Spring Dusk

New moon
Spring dusk.

I walk through the streets of my darkening town
catching glimpses of other lives
through golden windows.

A man bends over a stove

A kettle boils, someone is ironing

A woman sits
knitting the strands of an unravelling life
back together.

An empty booklined room
waits to be a backdrop
for yet another Zoom call.

All is quiet
All is still
Another day draws to a close.

– Melinda Schwakhofer. 2021

Summer’s house

Summer has built her house around me
with green fern walls
and a sky roof woven
from criss-crossed bird flight.
– Melinda Schwakhofer

Slow down

My life in the time of Coronavirus is moving to a different rhythm.   I’ve always loved being at home, so not much has changed there.   The village where I live has a chemist, butcher, greengrocer, newsagent and shop.  There is enough of everything we need and our community is looking out for one another.

When lockdown came to the UK two weeks ago, I made a long list of household tasks and have been thinking about all of the artistic projects that I now have time for.    But some, or many, days it is all I can do to get up and get through the day.  I’ve been relishing my daily late afternoon naps more than ever.  Sleeping pretty well through the night, but having some disturbing dreams.

I’m finding it really hard to concentrate and flit from one activity to another more than usual.  My emotions run the gamut from fear and despair to feeling calm and ‘okay’, often a few times in a day,  This is all a normal response to radically different times.

Rather than focussing on ‘after this is over’, I’m focussing on how it is now.  What can I do now in the new shape that my life has become?

I’m working from home at my ‘bread and butter’ job two days a week.  Continuing to meet my Community Artwork colleagues, via Zoom,  We are developing an online Craftfulness in Quarantine group.  I’m working on another creative project in response to Mayflower 400.  Sometimes it is too much to engage with these pieces of work, but we are all able to express how we’re feeling and listen to one another.  It is such a different way of working together and all of the work is evolving in response to hugely changed circumstances.  I am finding that flexibility, responsiveness and suppleness are key.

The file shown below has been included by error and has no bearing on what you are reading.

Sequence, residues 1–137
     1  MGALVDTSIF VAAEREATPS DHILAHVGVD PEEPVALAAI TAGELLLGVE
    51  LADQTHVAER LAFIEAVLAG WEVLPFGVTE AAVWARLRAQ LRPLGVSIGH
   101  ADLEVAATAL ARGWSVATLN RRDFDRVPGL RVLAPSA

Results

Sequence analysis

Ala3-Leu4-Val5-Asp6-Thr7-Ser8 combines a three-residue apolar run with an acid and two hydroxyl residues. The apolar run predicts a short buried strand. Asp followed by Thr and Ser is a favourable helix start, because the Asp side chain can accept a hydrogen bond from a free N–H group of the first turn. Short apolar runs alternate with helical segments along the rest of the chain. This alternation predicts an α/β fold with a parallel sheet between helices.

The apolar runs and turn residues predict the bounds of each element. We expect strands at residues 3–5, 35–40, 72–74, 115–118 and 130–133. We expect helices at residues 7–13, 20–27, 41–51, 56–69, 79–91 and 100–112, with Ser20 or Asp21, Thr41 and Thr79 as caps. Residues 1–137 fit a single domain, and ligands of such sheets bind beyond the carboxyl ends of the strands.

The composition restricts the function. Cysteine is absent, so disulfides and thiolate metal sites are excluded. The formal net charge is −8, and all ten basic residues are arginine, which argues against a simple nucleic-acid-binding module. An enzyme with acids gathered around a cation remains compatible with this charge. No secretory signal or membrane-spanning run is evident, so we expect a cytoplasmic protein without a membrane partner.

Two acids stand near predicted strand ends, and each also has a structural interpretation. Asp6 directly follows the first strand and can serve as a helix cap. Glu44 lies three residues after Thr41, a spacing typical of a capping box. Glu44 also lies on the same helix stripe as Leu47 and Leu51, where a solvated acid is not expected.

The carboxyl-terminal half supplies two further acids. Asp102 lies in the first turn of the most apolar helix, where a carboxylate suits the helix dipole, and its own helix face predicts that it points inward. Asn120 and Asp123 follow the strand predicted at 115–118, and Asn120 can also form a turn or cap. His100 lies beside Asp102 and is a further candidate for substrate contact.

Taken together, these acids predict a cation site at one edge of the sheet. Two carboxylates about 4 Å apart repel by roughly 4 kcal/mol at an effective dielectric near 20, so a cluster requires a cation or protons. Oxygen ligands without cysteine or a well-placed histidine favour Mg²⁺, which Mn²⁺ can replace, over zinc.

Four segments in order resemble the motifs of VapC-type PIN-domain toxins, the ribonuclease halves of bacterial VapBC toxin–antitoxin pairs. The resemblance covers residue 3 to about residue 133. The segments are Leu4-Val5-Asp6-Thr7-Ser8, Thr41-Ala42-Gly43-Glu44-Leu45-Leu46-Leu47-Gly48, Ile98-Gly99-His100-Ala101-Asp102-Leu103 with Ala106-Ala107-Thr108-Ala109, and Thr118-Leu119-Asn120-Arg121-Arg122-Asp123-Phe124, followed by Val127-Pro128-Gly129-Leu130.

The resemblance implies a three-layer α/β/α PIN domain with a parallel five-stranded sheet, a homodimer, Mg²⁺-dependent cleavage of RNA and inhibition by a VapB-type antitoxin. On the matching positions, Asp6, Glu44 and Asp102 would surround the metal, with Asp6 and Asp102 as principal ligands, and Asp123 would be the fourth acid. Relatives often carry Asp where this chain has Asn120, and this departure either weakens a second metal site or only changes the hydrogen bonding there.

All of that and sometimes, just slowing down.

Miss Pandemic 2020

You do not have to be productive.
You are not a dairy cow or a field of wheat.
Nothing will grind to a halt
if you do not take up the ukulele,
learn Spanish, start to crochet, master Pilates.

This is not a competition,
there will be no ‘Miss Pandemic 2020’
you cannot get a sash out of this,
you cannot win a crisis,

only hold each second like you
might hold a hand and think what can I do with you?
And you and you? Before long
you will have collected a minute.

Minute collecting is my new hobby.
I’m practising a lot.  I’m trying to do it as carefully
and slowly as possible and when I cry
I use the minutes I’ve collected to keep myself up.

I look around those minutes and see
what lives there and then I start again.
Everything has changed.  It is okay for this